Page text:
The last couple of months we’ve had a lot of questions on the Soap Queen Blog, Facebook Fan Page and in customer service requesting wholesale advice. It’s been so long (over a decade now!) since I’ve sold my soaps wholesale, I thought I would reach out to some of my successful soaping friends to share some current best practices and advice with the Soap Queen readers. I’ve already posted advice from Soapylove and KBShimmer so be sure see those blog posts too.
Today’s guest bloggers are Jeanee Duvall of Dirty Laundry, and Oddette Handley of Riverlea Soap! Enjoy!
Odette from Riverlea Soaps also has some great tips:
When I started making soap I had no idea that there would be so much else involved besides making soap! I am sure this is probably the same in any small manufacturing business.
So you have made your soap and are ready to sell, but you need to price it. Rather than spend hours trying to figure out how much a bar costs, I got a program to work it out for me. There is a GREAT program on the market here. It is inexpensive and will make your life so much easier! Once you know the cost of your soap, decide on a mark up, and now you are ready to sell.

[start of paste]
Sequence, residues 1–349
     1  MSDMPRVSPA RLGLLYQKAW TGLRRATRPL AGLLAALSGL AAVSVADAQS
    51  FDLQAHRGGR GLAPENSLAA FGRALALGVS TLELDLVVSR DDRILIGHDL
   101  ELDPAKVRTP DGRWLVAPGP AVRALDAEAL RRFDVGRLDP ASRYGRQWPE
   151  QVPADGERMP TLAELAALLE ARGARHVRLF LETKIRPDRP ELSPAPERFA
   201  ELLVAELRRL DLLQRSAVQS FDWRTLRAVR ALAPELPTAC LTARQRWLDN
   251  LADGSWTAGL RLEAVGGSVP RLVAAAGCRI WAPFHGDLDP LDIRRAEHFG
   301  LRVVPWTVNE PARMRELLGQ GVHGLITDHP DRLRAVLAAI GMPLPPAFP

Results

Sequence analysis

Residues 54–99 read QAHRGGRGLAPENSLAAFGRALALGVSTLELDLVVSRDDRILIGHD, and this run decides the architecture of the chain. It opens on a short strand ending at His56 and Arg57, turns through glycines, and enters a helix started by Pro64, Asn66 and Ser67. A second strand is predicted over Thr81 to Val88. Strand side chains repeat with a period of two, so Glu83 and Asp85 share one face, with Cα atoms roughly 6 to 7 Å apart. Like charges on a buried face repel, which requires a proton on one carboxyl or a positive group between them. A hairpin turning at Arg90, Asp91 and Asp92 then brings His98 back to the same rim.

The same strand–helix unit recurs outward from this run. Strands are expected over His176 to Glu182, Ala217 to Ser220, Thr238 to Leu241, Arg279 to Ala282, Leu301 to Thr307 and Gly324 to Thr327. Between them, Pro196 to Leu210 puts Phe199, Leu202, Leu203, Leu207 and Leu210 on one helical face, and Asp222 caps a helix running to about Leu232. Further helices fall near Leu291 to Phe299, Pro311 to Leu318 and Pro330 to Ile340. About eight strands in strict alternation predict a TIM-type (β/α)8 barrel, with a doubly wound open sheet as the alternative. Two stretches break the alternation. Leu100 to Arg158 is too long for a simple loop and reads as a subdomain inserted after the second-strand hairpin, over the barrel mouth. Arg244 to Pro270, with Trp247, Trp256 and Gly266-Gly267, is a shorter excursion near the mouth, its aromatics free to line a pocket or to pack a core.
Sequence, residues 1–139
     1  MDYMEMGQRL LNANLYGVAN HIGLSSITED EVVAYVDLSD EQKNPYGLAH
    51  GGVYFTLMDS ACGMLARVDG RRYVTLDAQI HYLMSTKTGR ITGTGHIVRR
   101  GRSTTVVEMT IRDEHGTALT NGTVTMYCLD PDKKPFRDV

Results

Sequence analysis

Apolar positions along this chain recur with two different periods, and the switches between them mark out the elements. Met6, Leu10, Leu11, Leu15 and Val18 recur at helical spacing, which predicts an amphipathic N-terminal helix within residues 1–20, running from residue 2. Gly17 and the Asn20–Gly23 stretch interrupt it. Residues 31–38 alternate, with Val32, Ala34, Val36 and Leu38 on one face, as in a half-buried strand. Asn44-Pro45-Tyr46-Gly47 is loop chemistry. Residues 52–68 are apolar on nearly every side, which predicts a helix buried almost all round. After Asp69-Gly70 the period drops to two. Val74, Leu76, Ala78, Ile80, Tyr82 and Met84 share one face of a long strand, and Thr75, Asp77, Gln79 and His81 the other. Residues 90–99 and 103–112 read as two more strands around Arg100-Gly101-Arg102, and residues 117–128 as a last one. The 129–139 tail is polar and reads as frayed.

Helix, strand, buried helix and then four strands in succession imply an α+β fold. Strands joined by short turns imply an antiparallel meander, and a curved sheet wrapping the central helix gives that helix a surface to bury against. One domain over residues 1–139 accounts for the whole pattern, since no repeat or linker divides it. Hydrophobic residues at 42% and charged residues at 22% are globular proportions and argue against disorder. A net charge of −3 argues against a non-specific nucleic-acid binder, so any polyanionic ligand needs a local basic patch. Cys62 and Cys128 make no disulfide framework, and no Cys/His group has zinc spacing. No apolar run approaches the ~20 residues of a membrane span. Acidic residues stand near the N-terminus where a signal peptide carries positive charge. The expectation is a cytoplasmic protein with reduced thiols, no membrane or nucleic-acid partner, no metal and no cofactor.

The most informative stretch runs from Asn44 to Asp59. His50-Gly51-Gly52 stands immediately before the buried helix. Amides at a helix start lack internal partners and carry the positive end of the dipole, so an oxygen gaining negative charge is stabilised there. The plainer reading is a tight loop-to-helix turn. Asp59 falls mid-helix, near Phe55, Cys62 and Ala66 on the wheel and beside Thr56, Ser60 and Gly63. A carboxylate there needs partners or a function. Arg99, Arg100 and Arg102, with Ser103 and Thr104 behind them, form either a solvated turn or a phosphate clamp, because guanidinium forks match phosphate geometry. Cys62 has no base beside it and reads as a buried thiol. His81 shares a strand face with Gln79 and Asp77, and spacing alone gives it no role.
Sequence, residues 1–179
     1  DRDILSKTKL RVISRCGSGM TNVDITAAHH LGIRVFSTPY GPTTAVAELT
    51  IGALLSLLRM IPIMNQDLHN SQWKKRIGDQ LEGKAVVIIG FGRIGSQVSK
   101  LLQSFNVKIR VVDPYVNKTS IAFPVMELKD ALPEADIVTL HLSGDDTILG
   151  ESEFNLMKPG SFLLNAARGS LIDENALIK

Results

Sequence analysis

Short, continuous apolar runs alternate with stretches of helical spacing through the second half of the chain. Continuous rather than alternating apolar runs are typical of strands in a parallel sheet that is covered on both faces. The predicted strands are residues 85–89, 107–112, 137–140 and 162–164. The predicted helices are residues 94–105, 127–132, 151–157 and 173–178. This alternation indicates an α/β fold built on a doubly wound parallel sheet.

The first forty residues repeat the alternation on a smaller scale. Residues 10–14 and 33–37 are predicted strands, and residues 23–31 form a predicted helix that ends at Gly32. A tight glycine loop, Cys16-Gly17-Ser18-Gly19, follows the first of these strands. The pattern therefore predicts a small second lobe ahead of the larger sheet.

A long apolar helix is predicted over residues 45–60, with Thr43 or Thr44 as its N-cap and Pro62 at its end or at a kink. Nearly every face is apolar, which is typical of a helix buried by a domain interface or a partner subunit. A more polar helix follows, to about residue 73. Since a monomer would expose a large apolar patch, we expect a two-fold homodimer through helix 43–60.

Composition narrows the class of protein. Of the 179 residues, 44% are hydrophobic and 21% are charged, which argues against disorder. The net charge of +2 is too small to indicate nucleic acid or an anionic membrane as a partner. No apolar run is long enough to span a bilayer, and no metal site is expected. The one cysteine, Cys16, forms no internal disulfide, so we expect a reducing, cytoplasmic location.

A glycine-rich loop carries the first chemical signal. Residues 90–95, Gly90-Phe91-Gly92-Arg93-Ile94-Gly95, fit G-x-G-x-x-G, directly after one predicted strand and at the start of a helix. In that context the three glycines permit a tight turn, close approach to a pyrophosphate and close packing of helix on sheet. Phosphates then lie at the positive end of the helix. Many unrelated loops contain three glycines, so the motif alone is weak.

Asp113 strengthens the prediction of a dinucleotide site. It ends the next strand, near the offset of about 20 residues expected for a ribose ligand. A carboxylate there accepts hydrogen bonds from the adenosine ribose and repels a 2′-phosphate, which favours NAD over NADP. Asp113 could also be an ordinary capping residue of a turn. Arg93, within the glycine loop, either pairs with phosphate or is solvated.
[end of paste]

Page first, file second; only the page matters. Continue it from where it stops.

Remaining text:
As much as I LOVE making soap I have to make sure I get my product out there. How, you ask? This is always a difficult step and requires hard work. I am sure there are easy ways to get your product out there, but most of them require money. Small businesses have to watch their cash flow very carefully and usually do not have money to spend on advertising and marketing in the beginning. I certainly didn’t. When I started Riverlea Soap three and a half years ago, I was very strict with myself and would go out on the road 2 days a week with a box of samples and did not allow myself to come home until I had at least one new client per day! If I got a client early in the morning then I would up the number to 2 or 3…I am really competitive so I was always competing against myself and my last day’s figures. Now I am lucky enough to have clients coming to me! That’s not to say I don’t do the call out thing though; I am always on the hunt for a new clients so my car permanently has a box of samples in the boot. We also attend markets and fairs so that we can connect with people face-to-face and educate them about our soap.